Afederal judge found an insurer was justified in rescinding an ocean marine insurance policy because the insured misrepresented the value and condition of a dry dock it insured. (Catlin (Syndicate 2003) at Lloyd’s v. San Juan Towing & Marine Services Inc.
Nos. 11-2093, 11-2116. D. Puerto Rico. Oct. 8.)
San Juan Towing (SJT) purchased a floating dry dock called the Perseverence
(that’s the spelling in the court decision) for $1.05 million in 2006. SJT obtained a line of credit from Banco Popular to pay for the dry dock.
SJT put the dry dock up for sale in 2009 for $1.35 million because of a lack of business, and advertised it at that price in Boats & Harbors
magazine in February 2010 and January 2011.
Hendry Corp. of Tampa, Fla., sought to purchase the dry dock for $700,000 on Jan. 3, 2011 and, after bargaining for several months, SJT offered to sell it for $800,000. Hendry offered $775,000, but the two parties could not make a deal. Banco Popular would have to approve the sale because it constituted a “short sale.”
In April 2011, with Banco Popular’s approval, the dry dock was advertised for sale at $800,000. Richard Ortego, vice president and general manager of repair at Leevac Shipyards, traveled to Puerto Rico to inspect the dry dock and in September. Mark Payne, head of SJT, signed an agreement to sell the dry dock to Leevac Shipyards for $700,000.
From 2006 to 2011, SJT insured the dry dock with RLI Insurance Co. The value was determined by a survey to be $1.75 million above the original $1.05 million because of modifications made by SJT.
John Kirchhofer was the RLI underwriter who handled the SJT account up until January 2011, when he left to join Catlin.
A month after Kirchhofer left RLI, the firm advised SJT that it was canceling the insurance policy mid-term. RLI cited “loss history” as the reason for cancellation.
In February or March, SJT’s insurance broker called Kirchhofer at his new job and asked if Catlin would be interested in creating a quote as he was familiar with the account. Catlin sent a quote to SJT, which was accepted.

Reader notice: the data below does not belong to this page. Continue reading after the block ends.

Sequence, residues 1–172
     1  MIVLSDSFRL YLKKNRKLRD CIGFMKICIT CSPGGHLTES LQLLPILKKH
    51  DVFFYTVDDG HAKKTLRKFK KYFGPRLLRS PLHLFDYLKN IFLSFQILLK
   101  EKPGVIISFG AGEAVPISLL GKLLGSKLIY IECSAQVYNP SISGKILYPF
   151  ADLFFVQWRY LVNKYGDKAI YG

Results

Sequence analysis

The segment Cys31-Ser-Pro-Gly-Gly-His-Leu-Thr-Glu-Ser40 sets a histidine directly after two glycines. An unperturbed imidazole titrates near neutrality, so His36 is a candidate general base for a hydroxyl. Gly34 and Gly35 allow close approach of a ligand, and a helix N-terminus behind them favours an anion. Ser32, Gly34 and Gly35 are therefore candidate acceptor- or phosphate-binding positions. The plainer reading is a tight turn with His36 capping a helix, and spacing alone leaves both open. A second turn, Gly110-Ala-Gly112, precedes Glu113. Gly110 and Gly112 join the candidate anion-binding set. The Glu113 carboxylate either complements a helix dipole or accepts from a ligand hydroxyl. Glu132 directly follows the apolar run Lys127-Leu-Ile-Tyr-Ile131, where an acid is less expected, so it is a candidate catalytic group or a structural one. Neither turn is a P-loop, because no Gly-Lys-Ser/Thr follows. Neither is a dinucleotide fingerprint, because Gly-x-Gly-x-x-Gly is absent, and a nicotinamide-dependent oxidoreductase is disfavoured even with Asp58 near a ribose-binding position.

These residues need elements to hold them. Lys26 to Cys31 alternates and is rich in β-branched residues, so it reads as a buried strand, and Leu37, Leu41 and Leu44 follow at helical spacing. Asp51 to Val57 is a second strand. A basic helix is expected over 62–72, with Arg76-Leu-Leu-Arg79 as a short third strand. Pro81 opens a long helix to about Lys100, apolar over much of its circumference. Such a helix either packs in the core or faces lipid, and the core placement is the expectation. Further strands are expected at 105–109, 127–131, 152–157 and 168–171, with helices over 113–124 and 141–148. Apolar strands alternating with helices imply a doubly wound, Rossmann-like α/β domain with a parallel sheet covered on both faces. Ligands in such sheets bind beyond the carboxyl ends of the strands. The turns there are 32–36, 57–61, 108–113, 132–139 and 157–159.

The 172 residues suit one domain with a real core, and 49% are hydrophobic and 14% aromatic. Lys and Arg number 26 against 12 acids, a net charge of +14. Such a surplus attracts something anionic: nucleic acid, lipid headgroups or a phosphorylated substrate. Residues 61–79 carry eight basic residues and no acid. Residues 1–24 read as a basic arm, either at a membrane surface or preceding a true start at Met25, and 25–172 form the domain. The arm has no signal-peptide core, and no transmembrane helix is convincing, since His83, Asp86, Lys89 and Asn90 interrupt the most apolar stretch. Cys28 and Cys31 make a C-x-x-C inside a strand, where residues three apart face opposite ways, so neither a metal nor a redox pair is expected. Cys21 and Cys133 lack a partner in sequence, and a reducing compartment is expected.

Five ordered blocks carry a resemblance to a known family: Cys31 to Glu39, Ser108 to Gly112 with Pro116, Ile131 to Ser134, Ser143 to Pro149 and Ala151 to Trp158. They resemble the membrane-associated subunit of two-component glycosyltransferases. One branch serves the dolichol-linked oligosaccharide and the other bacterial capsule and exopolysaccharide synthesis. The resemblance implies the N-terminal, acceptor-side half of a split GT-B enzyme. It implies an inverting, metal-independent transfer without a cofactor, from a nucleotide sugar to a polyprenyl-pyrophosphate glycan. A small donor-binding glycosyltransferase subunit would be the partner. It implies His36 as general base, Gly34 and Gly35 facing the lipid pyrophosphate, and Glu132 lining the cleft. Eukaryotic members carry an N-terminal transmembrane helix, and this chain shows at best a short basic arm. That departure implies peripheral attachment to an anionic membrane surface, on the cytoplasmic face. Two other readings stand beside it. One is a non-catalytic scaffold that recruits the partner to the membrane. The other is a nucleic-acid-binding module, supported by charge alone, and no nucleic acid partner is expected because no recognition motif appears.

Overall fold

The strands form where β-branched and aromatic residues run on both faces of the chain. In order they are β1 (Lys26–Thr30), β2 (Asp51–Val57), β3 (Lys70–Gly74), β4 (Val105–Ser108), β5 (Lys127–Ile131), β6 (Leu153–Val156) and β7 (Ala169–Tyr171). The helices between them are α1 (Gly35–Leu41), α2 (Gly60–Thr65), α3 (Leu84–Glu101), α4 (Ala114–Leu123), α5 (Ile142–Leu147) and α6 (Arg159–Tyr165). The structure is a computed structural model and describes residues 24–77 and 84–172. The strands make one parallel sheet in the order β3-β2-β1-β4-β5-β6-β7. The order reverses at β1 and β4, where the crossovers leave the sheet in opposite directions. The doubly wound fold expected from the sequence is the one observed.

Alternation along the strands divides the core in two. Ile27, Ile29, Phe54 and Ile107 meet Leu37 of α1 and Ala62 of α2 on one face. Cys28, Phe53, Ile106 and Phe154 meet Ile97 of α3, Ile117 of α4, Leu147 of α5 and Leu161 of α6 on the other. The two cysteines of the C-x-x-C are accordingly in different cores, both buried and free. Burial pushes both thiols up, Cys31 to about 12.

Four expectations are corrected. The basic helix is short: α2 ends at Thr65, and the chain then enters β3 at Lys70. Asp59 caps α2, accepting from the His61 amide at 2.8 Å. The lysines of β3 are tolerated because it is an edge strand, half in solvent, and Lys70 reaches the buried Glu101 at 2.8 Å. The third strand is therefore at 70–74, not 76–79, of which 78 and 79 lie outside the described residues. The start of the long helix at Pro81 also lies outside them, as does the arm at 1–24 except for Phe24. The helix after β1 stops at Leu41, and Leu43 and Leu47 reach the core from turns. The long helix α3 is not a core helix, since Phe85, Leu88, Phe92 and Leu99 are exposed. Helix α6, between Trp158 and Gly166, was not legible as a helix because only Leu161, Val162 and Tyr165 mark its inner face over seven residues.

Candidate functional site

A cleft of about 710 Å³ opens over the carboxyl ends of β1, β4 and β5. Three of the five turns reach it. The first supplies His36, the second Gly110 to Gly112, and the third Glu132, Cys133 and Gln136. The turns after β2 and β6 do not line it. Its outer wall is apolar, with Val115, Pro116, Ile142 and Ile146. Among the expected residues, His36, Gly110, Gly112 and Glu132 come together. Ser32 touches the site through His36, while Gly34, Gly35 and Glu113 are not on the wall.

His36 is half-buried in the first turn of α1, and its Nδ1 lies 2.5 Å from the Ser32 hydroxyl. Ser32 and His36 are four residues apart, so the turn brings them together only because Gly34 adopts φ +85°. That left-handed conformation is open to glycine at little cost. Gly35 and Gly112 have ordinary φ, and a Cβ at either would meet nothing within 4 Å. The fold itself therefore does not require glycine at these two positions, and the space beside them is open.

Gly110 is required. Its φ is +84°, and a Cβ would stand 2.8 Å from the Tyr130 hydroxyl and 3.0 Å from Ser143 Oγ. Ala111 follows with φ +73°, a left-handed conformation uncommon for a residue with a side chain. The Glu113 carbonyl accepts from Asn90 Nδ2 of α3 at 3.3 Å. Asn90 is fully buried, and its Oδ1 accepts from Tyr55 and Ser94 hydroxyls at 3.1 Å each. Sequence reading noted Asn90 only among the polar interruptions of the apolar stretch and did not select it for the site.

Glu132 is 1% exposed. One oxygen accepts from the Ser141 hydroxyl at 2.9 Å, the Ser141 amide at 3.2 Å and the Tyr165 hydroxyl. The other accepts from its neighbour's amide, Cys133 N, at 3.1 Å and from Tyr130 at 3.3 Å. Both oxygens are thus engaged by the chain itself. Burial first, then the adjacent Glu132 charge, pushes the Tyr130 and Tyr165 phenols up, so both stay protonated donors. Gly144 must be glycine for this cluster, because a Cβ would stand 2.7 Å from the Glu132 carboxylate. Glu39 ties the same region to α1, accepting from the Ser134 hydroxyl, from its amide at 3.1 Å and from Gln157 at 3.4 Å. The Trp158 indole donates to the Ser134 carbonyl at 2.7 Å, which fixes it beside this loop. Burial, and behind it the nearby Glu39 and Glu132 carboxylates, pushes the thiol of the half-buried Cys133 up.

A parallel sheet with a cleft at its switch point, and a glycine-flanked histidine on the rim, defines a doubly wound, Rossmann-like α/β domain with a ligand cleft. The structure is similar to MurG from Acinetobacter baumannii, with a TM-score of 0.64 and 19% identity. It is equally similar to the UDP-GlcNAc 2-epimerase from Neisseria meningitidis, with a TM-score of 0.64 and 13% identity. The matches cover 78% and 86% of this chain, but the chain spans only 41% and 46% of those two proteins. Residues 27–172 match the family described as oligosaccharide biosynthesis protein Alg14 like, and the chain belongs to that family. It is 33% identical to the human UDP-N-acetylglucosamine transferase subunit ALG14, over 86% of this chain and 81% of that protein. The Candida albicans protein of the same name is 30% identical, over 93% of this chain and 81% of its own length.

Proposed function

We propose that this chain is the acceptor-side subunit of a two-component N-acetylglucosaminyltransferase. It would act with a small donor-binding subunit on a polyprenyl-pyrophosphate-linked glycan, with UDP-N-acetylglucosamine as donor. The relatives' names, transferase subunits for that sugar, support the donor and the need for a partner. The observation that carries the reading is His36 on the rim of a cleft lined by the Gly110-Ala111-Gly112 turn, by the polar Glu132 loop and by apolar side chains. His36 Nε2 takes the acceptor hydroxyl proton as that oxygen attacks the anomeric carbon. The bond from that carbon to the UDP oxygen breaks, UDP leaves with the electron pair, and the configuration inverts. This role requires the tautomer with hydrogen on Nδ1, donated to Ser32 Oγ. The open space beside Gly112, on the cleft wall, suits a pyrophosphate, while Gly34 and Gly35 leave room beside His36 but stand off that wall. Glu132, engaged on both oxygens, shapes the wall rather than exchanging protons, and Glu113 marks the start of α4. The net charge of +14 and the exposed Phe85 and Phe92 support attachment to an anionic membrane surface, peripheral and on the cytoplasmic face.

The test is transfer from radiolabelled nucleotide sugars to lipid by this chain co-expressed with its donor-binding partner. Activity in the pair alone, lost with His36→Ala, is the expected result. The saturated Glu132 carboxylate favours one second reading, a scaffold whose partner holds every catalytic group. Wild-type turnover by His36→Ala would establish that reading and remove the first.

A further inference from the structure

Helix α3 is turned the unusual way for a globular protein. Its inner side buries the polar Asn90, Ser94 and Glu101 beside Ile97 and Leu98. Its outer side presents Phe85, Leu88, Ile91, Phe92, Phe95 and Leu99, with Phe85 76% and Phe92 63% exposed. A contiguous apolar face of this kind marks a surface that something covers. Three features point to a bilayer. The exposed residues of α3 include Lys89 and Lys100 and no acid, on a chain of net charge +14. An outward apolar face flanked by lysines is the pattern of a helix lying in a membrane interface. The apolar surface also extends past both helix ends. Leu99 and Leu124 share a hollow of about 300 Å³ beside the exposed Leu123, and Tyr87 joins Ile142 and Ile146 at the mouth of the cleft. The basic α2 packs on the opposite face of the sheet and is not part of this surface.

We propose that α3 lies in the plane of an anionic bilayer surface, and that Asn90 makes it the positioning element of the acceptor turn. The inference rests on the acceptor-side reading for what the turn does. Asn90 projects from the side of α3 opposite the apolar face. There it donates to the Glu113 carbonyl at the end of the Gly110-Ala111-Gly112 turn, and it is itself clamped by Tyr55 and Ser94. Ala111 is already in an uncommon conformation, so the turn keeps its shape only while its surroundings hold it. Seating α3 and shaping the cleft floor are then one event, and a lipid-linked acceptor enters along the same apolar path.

Kirchhofer said Catlin never received any request from SJT to change the value of coverage from the $1.75 million at which it was originally valued and said he did not become aware of the lower original asking price of $1.35 million, Hendry’s offer for $775,000, SJT’s counter offer of $800,000, or the advertised price of $800,000 until this litigation began.
Catlin said as a marine underwriter “Kirchhofer relied upon the duty of Utmost Good Faith and expected that SJT, through its marine insurance broker, Frenkel, would disclose all information material to the risk that he was being asked to underwrite.”
Kirchhofer said the advertising price of “over half the difference in insured value” would have been important to Catlin, because “the purpose of the insurance is to insure at fair market value, to prevent the insured from profiting from his insurance.” It was his opinion that because SJT had made representations to the public market place and its bank that the dry dock was much less than $1.75 million, it should have also notified its broker and insurance underwriter.
In September the dry dock sank and the SJT insurance broker notified Catlin. Catlin contracted with the surveying company, GL Noble Denton, to examine the claim.
After an investigation, Noble Denton advised Catlin that the dry dock was in poor condition, that significant deterioration to the structure had occurred and the corrosion had existed for a significant period of time.
Kirchhofer concluded SJT should have disclosed the level of corrosion “at the time of the binding or at some point during the policy period,” and Catlin chose to rescind the policy and return the premiums.
The court previously held the maritime doctrine of uberrimae fidei
, or utmost good faith, applied in this case.
The 2nd Circuit, in the 1986 decision Knight v. U.S. Fire Insurance Co.
(804 F2d 9, 13), explained the uberrimae fidei
doctrine provides “an insured must make full disclosure of all material facts of which the insured has, or ought to have, knowledge… even though no inquiry be made.”
If it fails to disclose all circumstances known to it and unknown to the insurer, which materially affect the risk, the policy is voidable at the option of the innocent party.
The court cited the 5th edition of Thomas Schoenbaum’s book, Admiralty and Maritime Law
, as saying “it is of no consequence whether an insured’s misrepresentation or nondisclosure is due to fraud, negligence, accident or mistake.”
The court found “SJT (1) overstated the value of the Perseverence
, and (2) failed to disclose an accurate description of the dry dock’s condition where applying for insurance from Caitlin,” and therefore a violation of uberrimae fidei
occurred and the marine insurance policy is void ab initio
, from the beginning.
The court said:
- “SJT unquestionably overstated the drydock’s value when it sought insurance coverage from Catlin in April 2011.”
- It was “also persuaded that SJT violated uberrimae fidei by failing to disclose an accurate description of the drydock’s condition when seeking insurance from Catlin.”
But as to Catlin’s contention that a third ground for voiding the policy existed because SJT failed to disclose that its previous policy with RLI was cancelled due to loss history, the court said it declined to adopt that conclusion.
The court said the ocean marine policy between Catlin and SJT was void ab initio
It found SJT violated the doctrine of uberrimae fidei
and dismissed all of SJT’s claims, both as originally filed in case No. 11-2116 and amended in No. 11-2093.